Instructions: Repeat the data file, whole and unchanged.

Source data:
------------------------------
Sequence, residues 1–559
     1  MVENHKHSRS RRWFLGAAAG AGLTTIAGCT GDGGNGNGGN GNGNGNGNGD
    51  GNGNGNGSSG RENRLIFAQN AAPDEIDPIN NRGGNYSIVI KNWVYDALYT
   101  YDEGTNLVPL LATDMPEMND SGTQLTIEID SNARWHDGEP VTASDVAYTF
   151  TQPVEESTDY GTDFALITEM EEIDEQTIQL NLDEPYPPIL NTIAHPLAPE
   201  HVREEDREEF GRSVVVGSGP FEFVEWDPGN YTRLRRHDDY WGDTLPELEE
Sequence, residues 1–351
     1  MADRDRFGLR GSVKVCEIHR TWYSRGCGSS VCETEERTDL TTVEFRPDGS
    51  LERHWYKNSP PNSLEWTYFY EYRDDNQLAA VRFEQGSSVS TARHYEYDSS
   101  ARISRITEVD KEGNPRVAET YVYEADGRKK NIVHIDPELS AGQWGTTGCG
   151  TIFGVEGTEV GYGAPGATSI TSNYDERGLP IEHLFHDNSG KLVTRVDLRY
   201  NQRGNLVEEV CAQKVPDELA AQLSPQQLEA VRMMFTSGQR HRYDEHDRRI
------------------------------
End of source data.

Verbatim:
Sequence, residues 1–559
     1  MVENHKHSRS RRWFLGAAAG AGLTTIAGCT GDGGNGNGGN GNGNGNGNGD
    51  GNGNGNGSSG RENRLIFAQN AAPDEIDPIN NRGGNYSIVI KNWVYDALYT
   101  YDEGTNLVPL LATDMPEMND SGTQLTIEID SNARWHDGEP VTASDVAYTF
   151  TQPVEESTDY GTDFALITEM EEIDEQTIQL NLDEPYPPIL NTIAHPLAPE
   201  HVREEDREEF GRSVVVGSGP FEFVEWDPGN YTRLRRHDDY WGDTLPELEE
Sequence, residues 1–351
     1  MADRDRFGLR GSVKVCEIHR TWYSRGCGSS VCETEERTDL TTVEFRPDGS
    51  LERHWYKNSP PNSLEWTYFY EYRDDNQLAA VRFEQGSSVS TARHYEYDSS
   101  ARISRITEVD KEGNPRVAET YVYEADGRKK NIVHIDPELS AGQWGTTGCG
   151  TIFGVEGTEV GYGAPGATSI TSNYDERGLP IEHLFHDNSG KLVTRVDLRY
   201  NQRGNLVEEV CAQKVPDELA AQLSPQQLEA VRMMFTSGQR HRYDEHDRRI